She still holds that place in my heart today and although I have never met her, seen her live or had any contact with her whatsoever, I feel I owe her tremendously.
At first, I thought about putting together this monster post, outlining her life’s story, but I don’t think that’s all that necessary. There are many other places on the Net where you can find everything and anything you ever wanted to know about her. Suffice it to say that her life had great phases and absolutely horrible ones. She was addicted to heroin for more than a decade, even went to jail for half a year because of her drug abuse, but she also shone so brightly at the Newport Jazz Festival in 1958 that she became a true and shining star. She put out so many superb albums on, for example, Verve, that her legacy can afford anyone endless hours of just wonderful listening experiences. Later on in her career, she recorded way past that time when most people would have quit, and a lot of it I could not develop an ear for, but in the end, all of that doesn’t really matter.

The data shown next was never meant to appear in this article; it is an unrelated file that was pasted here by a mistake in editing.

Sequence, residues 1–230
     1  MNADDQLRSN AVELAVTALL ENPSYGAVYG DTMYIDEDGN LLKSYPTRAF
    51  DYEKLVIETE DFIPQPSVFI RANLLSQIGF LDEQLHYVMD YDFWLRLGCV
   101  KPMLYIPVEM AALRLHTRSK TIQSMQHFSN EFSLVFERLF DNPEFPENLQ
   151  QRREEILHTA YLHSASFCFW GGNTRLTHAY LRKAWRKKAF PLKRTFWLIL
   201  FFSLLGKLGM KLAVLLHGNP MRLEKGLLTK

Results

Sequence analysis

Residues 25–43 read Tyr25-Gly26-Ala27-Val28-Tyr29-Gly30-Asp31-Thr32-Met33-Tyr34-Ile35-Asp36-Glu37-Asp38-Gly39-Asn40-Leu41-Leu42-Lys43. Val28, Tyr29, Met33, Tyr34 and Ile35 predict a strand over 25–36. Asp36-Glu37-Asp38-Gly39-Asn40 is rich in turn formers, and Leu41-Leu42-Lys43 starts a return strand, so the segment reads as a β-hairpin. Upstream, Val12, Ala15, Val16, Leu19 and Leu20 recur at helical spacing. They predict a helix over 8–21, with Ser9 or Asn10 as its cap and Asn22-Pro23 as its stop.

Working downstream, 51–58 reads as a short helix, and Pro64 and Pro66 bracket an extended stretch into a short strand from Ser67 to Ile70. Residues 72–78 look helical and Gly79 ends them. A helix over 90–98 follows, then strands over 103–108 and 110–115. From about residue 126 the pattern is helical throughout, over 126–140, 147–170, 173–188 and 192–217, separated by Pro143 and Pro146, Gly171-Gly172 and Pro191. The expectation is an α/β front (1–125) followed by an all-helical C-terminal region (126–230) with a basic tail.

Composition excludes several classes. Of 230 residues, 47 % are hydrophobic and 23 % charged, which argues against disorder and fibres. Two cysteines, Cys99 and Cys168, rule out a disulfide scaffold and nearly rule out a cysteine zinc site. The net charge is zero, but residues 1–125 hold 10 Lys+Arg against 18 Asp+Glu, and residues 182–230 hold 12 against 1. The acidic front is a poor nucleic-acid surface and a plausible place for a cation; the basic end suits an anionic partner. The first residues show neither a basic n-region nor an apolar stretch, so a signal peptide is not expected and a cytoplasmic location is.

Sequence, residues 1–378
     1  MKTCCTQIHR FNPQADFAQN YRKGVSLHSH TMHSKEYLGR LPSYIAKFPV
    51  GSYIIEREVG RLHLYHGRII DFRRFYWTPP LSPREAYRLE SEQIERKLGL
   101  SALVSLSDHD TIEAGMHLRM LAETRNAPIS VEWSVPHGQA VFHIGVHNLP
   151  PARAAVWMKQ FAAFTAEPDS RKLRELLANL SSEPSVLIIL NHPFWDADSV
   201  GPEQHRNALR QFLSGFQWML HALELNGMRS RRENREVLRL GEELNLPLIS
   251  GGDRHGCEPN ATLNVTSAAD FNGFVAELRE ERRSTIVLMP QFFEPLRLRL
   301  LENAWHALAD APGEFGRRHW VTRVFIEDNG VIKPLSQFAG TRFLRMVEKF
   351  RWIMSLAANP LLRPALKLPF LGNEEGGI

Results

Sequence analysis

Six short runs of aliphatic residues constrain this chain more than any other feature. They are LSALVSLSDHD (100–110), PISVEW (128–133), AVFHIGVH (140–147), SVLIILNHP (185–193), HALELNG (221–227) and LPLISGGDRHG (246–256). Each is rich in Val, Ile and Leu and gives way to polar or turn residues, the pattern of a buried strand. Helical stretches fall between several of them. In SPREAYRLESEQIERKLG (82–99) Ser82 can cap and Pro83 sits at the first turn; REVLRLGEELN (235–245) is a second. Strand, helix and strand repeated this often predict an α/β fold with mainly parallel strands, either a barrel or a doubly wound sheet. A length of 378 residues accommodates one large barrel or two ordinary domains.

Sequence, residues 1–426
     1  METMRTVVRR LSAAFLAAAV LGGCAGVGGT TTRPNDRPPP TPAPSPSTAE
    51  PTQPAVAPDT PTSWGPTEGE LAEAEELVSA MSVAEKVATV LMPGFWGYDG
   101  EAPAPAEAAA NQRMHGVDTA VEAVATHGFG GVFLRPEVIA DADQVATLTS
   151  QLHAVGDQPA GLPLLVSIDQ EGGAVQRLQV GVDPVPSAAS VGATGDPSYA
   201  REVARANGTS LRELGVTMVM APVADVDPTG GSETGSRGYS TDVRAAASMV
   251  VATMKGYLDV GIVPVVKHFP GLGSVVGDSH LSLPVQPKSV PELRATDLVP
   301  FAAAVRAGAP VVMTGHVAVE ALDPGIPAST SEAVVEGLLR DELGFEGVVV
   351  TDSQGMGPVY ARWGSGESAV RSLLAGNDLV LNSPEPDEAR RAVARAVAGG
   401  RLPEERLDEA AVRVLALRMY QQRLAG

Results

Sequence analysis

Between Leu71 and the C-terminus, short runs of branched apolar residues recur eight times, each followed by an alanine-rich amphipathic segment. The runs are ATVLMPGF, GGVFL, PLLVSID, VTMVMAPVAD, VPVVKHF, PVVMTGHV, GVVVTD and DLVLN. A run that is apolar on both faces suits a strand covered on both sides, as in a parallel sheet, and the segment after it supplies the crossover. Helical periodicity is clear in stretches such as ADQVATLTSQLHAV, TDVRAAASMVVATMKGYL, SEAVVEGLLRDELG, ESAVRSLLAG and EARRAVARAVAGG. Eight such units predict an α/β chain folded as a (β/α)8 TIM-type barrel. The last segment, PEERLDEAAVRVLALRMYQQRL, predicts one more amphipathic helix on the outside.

You know, in the new liner notes to “Pick Yourself Up”, Benjamin Franklin V wrote in September of 1992 that Anita O’Day did not have “the scatting ability of Ella Fitzgerald, or the emotional intensity of Billie Holiday …”. All I can say to that is, “Oh, really?” You know how much I love her two competitors, but I would like to heartily disagree. In my own little world, she had a lot more: She was the brightest voice in my darkest days, and she managed, in some way that I don’t think I can ever really put words to, to keep me sane and healthy. Today I wish that I could have told her that at some point, even if she might never have read it. But it’s too late.
So, that’s why the news that she had died threw me as much as when I heard many years ago that one of my best friends had committed suicide.
Hell, it’s not easy to explain, but I tried.